No country for young pen


Cayla Vanderzanden

Regardless of student journalists’ limited rights, they continue to put forth maximum effort, doing their absolute best to become professionals.

The argument has been made countless times; the never ending debate: should student journalists be granted freedom of press? Aren’t they people too, don’t they deserve the same rights as professionals? Unfortunately, it is not possible nor is it plausible to grant student journalists the same rights and leeway in regards to censorship as professional journalists have. Students are, after all, merely students, only amateurs in the world of journalism. “The smarter the journalists are, the better off society is. For to a degree, people read the press to inform themselves – and the better the teacher, the better the student body” – Warren Buffett 

The First Amendment of the United States claims “congress shall make no law respecting an establishment of religion, or prohibiting the free exercise thereof; or abridging the freedom of speech, or of the press; or of the right of the people peaceably to assemble, and to petition the government for a redress of grievances”. This amendment prohibits government officials from suppressing speech, but it does not prevent the censorship of speech at public schools. This decision was made in the Supreme Court Case of Hazelwood School District v. Kuhlmeier during January 1988. The ultimate decision upheld rights of public high school administration at Hazelwood East High School in Missouri, allowing them to censor stories the journalism department wanted to publish, specifically concerning teen pregnancy. The past 15 years prior, court decisions had always sided with student journalists, granting them First Amendment protection. However, during the Hazelwood case it was made clear that the overall opinion of the Supreme Court was that public school students didn’t have the same rights of the adult journalists in alternative settings. Currently, if the school can present a legitimate argument as to why certain censorship is needed and that the content will cause a “material and substantial disruption” to students than censorship can be enforced. However, there is a specific way around this censorship. Student publication. A student publication is one where school officials have granted student editors permission to make their own decisions regarding content. This enables students stronger protection under the First Amendment.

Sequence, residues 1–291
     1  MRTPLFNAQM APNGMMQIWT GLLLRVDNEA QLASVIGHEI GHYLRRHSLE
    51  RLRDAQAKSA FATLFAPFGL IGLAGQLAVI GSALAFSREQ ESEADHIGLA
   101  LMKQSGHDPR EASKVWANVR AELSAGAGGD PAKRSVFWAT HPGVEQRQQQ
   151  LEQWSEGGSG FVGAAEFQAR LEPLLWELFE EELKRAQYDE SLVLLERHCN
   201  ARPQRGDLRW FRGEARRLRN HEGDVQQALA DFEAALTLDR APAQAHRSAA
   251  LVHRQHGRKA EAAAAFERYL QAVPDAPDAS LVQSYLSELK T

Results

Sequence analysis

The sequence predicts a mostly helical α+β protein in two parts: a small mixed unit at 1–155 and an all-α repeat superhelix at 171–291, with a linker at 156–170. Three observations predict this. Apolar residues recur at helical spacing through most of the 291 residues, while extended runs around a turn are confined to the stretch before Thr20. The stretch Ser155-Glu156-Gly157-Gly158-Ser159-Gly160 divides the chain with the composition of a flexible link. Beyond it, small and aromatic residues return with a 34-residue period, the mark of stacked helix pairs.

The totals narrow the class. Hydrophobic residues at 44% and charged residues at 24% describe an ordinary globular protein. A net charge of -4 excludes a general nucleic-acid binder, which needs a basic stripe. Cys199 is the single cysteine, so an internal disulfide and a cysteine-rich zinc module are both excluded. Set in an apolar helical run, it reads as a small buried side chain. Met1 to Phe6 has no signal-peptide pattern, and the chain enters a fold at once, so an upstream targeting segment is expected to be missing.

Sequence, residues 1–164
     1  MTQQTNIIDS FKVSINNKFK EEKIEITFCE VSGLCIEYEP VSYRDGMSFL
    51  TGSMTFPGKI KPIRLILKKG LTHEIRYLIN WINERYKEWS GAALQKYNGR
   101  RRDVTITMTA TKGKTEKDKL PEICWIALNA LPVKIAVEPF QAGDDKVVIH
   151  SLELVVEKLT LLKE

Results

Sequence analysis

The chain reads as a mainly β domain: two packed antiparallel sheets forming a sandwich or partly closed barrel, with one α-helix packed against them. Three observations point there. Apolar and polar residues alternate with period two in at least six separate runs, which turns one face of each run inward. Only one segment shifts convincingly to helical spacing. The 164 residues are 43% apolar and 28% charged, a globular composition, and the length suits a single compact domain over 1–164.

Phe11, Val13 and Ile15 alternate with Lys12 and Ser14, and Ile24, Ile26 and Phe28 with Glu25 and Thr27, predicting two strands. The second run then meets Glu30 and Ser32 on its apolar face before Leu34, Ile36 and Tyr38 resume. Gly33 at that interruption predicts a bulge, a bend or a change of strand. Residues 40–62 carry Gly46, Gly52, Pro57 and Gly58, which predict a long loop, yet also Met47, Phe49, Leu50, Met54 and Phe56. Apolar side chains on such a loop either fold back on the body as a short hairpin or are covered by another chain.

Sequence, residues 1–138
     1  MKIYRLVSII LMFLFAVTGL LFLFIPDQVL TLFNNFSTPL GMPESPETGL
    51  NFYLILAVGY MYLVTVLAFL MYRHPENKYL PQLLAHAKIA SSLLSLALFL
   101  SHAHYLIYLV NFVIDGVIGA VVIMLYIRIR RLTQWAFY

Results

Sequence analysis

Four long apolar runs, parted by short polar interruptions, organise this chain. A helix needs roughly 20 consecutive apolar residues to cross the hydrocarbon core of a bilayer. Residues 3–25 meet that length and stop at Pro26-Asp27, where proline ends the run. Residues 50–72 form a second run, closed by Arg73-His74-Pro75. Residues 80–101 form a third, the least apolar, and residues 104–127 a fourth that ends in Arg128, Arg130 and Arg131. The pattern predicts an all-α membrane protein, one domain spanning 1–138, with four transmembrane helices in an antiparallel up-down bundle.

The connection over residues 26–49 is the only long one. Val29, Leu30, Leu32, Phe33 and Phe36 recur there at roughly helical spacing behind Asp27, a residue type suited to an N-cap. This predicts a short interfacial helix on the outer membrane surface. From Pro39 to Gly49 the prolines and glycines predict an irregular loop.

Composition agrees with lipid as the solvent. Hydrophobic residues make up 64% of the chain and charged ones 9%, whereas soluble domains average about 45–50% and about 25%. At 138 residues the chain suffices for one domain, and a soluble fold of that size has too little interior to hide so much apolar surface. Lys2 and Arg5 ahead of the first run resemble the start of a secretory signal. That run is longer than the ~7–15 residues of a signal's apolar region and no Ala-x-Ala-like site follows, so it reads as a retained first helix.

Professional journalists, under the First Amendment, have several specific rights. They have the right to have free access to all sources and to ask about public events. Additionally, they cannot be forced to express any opinion contrary to their own. As professionals they have experience, financial independence, and legitimate careers as journalists. Student journalists have minuscule experience, are not writing as a career choice, and are doing this occupation under school guidelines and with the instruction of a teacher hired by the school itself. For this reason, it makes sense that they wouldn’t have these same rights. Student journalists often lack the credentials for the claims in which they make. They are granted a one period class each day, which is not enough time to discover ground breaking news nor receive extensive and college level training. Student journalists need to learn all of the intricate aspects of being a journalism before having ultimate freedom. However, this is not to say student journalists are uneducated or have a lack of seriousness about their job. The jobs of student journalists are still vital, whether or not they are slightly censored, as I myself am a student journalist.